This post is by Amanda Campbell, an undergraduate student at the University of Memphis and a 2019 Library of Congress Junior Fellow.
The dress reform movement began in 1851 when Elizabeth Cady Stanton and her neighbor, Amelia Bloomer, began wearing a radical new style of dress first designed by Stanton’s cousin, Elizabeth Smith Miller. It soon became known as the “bloomer outfit” and was worn by many prominent suffragists. I’m intrigued by the dress reform movement because of its potential to tell the story of women’s suffrage in a new and exciting way.
Like suffragists, dress reformers often took their cause much more seriously than their opponents did. For both causes, proponents faced humiliating and demoralizing attacks from their opponents, and disagreement was not unusual among leaders of both movements. Despite these challenges, activists fought for decades and ultimately both movements were successful. In the 1890s, the bicycle brought about a revolution in women’s fashion and the bloomer outfit became more widely accepted; in 1920, the 19th Amendment, granting women the right to vote, was ratified.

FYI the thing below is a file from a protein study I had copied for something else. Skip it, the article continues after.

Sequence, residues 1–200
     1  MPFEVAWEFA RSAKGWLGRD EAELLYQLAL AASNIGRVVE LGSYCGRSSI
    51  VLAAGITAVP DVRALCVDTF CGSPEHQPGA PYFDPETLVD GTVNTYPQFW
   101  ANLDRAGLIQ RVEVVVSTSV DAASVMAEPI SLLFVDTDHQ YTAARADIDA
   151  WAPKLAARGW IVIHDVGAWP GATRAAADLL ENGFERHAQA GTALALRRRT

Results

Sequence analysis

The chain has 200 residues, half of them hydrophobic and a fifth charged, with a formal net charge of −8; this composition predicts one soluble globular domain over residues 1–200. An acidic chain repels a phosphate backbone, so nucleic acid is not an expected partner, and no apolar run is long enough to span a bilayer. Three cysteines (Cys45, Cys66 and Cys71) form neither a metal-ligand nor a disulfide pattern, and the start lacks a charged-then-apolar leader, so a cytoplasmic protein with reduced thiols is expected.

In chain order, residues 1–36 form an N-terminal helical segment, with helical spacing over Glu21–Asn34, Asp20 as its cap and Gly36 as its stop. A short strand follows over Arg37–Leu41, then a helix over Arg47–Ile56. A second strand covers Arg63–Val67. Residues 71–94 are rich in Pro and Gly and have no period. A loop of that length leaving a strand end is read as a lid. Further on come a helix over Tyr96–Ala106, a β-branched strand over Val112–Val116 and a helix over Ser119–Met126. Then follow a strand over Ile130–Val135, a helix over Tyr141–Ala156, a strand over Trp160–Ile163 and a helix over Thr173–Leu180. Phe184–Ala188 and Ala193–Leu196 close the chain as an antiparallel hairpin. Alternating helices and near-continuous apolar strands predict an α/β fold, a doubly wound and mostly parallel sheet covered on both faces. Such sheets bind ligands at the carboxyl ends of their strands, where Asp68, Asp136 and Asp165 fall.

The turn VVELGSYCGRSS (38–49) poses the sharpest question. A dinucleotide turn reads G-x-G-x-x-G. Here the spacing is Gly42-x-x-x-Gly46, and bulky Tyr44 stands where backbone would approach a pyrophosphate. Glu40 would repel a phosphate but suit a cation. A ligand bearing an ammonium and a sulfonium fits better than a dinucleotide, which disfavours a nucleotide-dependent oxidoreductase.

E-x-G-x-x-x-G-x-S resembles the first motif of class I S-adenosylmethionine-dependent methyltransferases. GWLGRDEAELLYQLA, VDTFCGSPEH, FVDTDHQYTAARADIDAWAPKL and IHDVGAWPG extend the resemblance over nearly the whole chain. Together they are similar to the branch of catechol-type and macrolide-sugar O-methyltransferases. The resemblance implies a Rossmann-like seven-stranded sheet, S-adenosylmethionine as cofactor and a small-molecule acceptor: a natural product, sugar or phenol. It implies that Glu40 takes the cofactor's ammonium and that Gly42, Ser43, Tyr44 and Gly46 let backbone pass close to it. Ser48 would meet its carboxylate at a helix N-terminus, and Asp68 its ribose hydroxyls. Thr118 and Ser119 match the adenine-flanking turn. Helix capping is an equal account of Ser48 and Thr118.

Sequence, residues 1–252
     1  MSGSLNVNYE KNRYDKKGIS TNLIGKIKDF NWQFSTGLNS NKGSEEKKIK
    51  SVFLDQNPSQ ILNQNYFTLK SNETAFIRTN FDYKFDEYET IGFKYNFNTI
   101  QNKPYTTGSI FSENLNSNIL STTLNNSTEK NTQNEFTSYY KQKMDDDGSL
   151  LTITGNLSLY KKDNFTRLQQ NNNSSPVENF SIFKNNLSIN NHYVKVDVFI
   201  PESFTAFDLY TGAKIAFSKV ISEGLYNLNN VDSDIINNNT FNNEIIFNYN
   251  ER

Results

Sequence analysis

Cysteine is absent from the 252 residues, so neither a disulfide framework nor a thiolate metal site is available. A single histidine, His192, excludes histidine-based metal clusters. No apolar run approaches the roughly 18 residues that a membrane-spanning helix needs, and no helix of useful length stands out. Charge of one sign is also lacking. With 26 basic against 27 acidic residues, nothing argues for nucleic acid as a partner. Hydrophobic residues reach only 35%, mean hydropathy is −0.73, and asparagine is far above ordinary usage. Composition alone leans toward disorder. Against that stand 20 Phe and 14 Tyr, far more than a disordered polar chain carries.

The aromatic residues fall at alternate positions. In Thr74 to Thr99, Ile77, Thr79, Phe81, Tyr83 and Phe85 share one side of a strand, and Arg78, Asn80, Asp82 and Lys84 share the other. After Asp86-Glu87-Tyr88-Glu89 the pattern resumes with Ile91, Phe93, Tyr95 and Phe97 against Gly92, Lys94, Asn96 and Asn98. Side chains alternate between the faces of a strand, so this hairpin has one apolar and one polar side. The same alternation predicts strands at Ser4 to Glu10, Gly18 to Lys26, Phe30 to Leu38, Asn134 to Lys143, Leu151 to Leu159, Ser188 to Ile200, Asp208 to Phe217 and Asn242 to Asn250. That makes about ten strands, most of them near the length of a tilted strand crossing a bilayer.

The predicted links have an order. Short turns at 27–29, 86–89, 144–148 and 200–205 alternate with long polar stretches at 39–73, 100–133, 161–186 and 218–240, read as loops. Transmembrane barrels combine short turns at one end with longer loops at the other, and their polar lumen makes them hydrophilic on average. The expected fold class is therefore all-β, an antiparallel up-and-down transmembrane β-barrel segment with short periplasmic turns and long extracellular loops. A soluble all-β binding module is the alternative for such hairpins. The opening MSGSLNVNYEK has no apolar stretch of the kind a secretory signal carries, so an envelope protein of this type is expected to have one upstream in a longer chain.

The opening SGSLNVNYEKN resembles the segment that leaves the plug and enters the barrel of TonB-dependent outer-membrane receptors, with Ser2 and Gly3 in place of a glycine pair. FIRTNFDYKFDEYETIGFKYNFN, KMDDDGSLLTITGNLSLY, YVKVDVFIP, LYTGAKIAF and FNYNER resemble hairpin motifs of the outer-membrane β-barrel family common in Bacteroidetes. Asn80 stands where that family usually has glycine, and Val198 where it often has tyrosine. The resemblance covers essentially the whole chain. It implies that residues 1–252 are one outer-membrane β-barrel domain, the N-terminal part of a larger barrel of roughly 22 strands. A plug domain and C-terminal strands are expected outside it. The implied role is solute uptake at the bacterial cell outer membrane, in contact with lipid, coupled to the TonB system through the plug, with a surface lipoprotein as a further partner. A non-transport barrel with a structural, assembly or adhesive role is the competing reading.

Teaching about women’s suffrage through the dress reform movement has two significant benefits:
- Sources on the dress reform movement are in diverse formats, and through examining letters, political cartoons and sketches, newspaper articles, and sheet music, students can more clearly understand both the movement and the habits of historians, who consult many kinds of primary sources;
- The dress reform movement is approachable for students. Students can easily understand and relate to reformers who were taking a stand with their clothes. The sources are visual, funny, and memorable.
More great sources on the dress reform movement for additional exploration:
- Elizabeth Cady Stanton to Susan B. Anthony and Lucy Stone
- Bloomer Waltz
- The bloomer costume. As sung by Lewis Knight
- Hubby — His Wife Is at the Dress Reform Club
- Deadlock on Bloomers
- The Bloomer’s Complaint, a Very Pathetic Song
The story of women’s suffrage contains many smaller stories that can help us understand the larger movement more completely. The dress reform movement is a powerful lens through which to study and teach the story of the women’s suffrage movement. Leave us a comment about the stories that catch your students’ attention!